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Toothpaste: When to Start Using and How Much

We understand that parenting comes with a lot of uncertainties and concerns. Oral health is one important area, but it can feel overwhelming to worry about it on top of everything else. Is your child too young to use a toothbrush and toothpaste? Is there a right age to start teaching your child about oral health? Do you use the right amount of toothpaste yourself? Don’t worry! It’s normal to have a lot of questions. Here’s what to know about your child’s oral health and how to navigate it.

When should my child start using toothpaste?

This is a common question among parents with infants. We recommend starting oral hygiene practices as early as possible. For the first few months, your baby will be toothless and there’s no need to use toothpaste. However, you should clean your baby’s gums with a soft cloth and water to prevent the build-up of bacteria. At 24 months, your child should have all their milk teeth come in. You can introduce fluoride-infused toothpaste anywhere between when they have their first tooth and when they have all their teeth. But remember, the earlier the better.

How much toothpaste should my child use?

It’s not recommended to use fluoride toothpaste on children below the age of 6 months because they have no teeth. Fluoride works best on teeth enamel. You should only need a tiny amount for children. At 24 months, all your baby’s teeth should have come in.

Once this happens, you can use a rice grain amount of toothpaste. Pediatric dentists usually recommend less concentrated levels of fluoride in toothpaste suited for children. Shop for baby-friendly toothpaste brands. Toothpaste should be used together with a soft-bristled toothbrush suitable for tender baby teeth and gums.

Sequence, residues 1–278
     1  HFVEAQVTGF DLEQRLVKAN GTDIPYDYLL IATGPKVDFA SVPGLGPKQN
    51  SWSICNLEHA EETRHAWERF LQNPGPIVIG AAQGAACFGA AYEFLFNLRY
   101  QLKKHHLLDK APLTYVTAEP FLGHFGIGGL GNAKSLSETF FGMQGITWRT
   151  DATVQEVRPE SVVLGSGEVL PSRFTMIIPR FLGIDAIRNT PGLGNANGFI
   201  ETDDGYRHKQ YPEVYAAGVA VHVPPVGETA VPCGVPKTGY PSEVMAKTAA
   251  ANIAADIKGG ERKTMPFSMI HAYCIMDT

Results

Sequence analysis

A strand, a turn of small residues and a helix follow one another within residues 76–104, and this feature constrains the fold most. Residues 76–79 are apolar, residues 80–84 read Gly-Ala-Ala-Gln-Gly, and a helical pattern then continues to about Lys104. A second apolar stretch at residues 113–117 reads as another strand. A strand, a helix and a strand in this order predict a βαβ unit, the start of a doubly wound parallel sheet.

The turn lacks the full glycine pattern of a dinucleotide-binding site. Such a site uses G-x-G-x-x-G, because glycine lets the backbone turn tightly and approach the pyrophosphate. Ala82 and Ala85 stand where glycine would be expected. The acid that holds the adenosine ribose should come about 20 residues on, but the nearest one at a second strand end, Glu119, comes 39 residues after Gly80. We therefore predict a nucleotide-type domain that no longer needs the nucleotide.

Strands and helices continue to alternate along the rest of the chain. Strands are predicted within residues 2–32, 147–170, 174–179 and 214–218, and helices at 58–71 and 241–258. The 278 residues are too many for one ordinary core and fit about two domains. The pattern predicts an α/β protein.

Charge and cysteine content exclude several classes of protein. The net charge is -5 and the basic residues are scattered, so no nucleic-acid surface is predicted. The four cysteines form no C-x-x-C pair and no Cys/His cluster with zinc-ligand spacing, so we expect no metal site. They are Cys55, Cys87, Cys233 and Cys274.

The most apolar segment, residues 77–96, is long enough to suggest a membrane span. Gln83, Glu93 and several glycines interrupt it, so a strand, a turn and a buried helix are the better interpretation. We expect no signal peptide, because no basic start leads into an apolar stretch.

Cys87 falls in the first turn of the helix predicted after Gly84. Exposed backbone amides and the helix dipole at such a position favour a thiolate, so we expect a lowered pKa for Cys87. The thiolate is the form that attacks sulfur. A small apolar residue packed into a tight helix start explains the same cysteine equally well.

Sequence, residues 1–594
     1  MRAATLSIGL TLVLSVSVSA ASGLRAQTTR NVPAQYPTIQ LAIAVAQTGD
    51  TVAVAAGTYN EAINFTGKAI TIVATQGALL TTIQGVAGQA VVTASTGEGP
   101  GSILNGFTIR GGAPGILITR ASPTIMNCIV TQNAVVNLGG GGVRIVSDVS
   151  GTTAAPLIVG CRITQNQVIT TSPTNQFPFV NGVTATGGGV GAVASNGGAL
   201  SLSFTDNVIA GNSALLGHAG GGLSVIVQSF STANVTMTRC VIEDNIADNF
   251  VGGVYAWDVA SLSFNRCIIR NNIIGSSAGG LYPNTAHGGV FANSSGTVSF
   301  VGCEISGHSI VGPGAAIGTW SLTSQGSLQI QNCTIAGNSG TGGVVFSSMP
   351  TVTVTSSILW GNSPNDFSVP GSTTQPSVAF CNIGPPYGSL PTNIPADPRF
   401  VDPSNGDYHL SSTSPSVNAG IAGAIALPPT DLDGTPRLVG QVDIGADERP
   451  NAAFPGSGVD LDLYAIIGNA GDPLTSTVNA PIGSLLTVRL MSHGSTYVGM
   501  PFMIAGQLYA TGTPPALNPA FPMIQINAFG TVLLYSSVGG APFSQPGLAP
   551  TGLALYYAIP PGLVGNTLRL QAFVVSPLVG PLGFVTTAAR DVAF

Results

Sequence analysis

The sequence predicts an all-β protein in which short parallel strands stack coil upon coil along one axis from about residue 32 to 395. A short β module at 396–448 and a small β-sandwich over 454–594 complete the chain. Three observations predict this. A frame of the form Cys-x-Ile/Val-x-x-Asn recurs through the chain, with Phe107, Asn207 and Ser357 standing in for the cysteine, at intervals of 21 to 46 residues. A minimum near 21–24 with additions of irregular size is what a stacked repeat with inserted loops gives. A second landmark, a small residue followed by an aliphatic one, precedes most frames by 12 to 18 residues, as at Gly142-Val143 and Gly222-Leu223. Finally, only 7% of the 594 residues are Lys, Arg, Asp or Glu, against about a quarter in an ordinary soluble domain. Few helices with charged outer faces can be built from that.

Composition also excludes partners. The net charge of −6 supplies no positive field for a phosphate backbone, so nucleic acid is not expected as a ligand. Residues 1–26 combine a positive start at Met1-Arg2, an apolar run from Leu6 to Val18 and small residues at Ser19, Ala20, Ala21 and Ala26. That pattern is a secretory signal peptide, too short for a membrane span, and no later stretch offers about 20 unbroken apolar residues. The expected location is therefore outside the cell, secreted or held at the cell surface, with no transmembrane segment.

How often should my child brush?

Like general dentistry, it’s a universal rule in kids’ dentistry to brush and floss teeth daily. Brushing with toothpaste, in particular, should be regularly done twice a day. Encourage your children to brush their teeth gently over a two minutes and spit the toothpaste out.

When should I increase the amount of toothpaste?

Kids grow rapidly and usually, the small pea-sized amount of toothpaste isn’t enough after a while. Once they turn three years old, consider increasing the measure of toothpaste to a pea-size amount. Your child’s pediatric dentist can help you make sure you’re getting the right amount. As your children age, they’ll begin to use the same type and amount of toothpaste you use on your teeth.

Schedule an Appointment

As a parent, it’s important to assist your child through these dental hygiene habits until they are old enough to manage it on their own. We recommend starting early for healthier and brighter teeth with minimal problems in the future. If you still have questions or are looking for the right pediatric dentist for your child, we can help. Schedule an appointment with our team by contacting our Quincy office. We invite you to call or fill out our online form.

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How are children’s teeth extracted?

The term “tooth extraction” may sound a bit scary, especially if you believe your child may need one. Tooth extraction for children is a common, safe, and relatively simple procedure. At Sprout Kids Dentistry, we work hard to make you and your child feel comfortable during any dental treatment.

WHY DO CHILDREN NEED TOOTH EXTRACTION?

Tooth extraction may be necessary for any of the following reasons:

  • A tooth has become badly decayed
  • A tooth has been injured or traumatized
  • Baby teeth are interfering with incoming permanent teeth
  • Baby teeth are interfering with alignment of teeth

WHAT DOES TOOTH EXTRACTION IN CHILDREN INVOLVE?

Tooth extraction in children is a simple, straightforward procedure. It is usually less involved than tooth extraction in adults. First, an x-ray will be taken to determine the condition of the tooth’s roots and the surrounding bone. Typically, a tooth extraction requires only a local anesthetic. Once the tooth and surrounding area are numb, the dentist uses forceps to remove the tooth.